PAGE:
For several years, Toyota has been dealing with allegations that some of its vehicles had suddenly accelerated, causing accidents and deaths. It has recalled more than half a billion of vehicles and settled a number lawsuits. Now, the legal aftermath of the potential problem of sudden unintended acceleration continues.
A product liability trial is underway in Los Angeles to determine whether Toyota should be held responsible for sudden unintended acceleration in its vehicles. The case involves a woman who was known as a careful driver who avoided freeways and took the same route every day to her family's sushi restaurant.
One day, her vehicle suddenly sped to speeds of 100 mph in a 30mph zone. The woman stepped on the brake and pulled the emergency handle, but she could not stop the car. She died when her vehicle hit a telephone and a tree.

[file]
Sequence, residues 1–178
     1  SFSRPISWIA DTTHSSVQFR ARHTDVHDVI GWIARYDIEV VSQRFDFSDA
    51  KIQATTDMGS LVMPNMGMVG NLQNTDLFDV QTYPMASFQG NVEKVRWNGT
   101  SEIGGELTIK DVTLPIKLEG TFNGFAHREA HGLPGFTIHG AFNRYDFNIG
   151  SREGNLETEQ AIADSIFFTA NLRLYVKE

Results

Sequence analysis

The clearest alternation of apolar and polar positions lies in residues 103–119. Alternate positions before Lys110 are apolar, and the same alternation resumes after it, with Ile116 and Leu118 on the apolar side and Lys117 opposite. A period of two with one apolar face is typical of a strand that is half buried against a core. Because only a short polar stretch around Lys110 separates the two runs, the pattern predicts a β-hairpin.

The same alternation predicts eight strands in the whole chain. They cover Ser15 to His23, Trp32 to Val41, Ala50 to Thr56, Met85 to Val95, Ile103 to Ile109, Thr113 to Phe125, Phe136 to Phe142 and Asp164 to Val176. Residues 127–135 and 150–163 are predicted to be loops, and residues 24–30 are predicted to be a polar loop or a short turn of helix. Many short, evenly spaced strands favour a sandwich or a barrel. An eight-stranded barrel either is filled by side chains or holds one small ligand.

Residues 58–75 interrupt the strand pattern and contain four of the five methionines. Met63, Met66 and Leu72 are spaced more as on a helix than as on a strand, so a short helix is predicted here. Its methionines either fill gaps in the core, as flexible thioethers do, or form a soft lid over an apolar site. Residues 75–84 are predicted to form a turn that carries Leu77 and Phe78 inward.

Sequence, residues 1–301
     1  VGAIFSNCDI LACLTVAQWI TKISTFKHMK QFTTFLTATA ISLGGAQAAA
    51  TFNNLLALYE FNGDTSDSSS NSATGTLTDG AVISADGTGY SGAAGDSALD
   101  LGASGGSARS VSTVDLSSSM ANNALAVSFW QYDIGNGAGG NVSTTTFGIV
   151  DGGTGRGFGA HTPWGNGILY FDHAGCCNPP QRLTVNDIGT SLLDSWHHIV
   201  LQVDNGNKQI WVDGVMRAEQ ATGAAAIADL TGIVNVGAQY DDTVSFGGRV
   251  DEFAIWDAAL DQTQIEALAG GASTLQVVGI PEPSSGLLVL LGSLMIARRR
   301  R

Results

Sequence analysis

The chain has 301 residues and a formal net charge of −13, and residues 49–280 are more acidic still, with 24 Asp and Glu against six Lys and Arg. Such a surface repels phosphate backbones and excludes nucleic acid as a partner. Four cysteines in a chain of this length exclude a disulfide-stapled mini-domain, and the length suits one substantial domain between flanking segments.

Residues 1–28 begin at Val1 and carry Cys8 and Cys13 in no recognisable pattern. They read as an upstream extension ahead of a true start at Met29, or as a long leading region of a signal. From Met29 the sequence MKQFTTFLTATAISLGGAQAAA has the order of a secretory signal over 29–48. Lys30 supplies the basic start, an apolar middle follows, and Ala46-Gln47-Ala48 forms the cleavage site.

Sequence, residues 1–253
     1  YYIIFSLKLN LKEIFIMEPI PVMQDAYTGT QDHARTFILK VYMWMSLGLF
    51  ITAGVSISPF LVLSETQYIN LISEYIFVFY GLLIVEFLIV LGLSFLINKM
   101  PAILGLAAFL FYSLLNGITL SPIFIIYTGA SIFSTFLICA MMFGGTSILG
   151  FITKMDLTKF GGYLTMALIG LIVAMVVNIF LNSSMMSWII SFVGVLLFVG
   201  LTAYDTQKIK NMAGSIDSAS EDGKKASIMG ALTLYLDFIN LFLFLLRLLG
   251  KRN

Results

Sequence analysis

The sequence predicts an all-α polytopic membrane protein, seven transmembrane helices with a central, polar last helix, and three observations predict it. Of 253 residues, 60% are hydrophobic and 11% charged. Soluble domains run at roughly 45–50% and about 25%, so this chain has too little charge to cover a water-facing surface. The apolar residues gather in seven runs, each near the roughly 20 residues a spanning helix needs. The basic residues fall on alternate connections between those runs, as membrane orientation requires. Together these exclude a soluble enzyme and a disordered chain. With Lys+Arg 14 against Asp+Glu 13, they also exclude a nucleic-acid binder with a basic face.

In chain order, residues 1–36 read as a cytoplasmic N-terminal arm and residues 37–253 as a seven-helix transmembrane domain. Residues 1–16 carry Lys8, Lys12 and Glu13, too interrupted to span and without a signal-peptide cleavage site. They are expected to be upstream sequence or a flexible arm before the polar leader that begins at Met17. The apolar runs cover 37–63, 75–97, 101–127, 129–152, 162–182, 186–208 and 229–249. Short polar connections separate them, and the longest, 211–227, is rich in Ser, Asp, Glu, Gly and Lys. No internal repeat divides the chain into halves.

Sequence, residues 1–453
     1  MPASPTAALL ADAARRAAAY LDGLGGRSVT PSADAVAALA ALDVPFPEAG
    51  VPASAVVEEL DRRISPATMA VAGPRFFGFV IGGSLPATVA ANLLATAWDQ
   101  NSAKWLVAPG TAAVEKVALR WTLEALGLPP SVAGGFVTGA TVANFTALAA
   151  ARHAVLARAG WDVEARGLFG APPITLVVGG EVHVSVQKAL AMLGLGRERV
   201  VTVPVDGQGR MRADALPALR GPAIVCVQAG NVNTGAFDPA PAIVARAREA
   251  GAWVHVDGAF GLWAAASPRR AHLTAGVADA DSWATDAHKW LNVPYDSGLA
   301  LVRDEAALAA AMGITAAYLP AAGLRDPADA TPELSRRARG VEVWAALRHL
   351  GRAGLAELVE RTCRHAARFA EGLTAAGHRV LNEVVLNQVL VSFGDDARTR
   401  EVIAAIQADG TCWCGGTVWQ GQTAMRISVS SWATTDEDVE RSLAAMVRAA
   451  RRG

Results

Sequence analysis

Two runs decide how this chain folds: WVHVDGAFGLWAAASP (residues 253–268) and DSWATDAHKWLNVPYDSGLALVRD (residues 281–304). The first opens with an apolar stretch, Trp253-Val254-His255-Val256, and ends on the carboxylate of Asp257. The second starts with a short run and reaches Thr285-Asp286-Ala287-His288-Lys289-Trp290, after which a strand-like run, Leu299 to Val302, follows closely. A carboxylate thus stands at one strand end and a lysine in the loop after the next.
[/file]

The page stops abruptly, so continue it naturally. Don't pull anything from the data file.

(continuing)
The woman's family blames Toyota for her death. They have filed product liability lawsuit that seeks general and punitive damages. Toyota has said the vehicle contained no auto defects. In the past, it has blamed crashes on stuck accelerators, driver error and floor mats trapping the gas pedal.
The trial may focus on why the vehicle lacked equipment to override the accelerator if the brake and gas pedals are pressed at the same time. U.S. Camrys do not have this feature, but European models do.
The trial is one of more than 80 cases filed in state courts over sudden unintended acceleration claims. In addition to claims in state court, there is also federal court litigation over unintended acceleration in Toyotas.
Source: USAToday.com, "First Toyota sudden acceleration case to begin," Greg Risling, Associated Press, July 21, 2013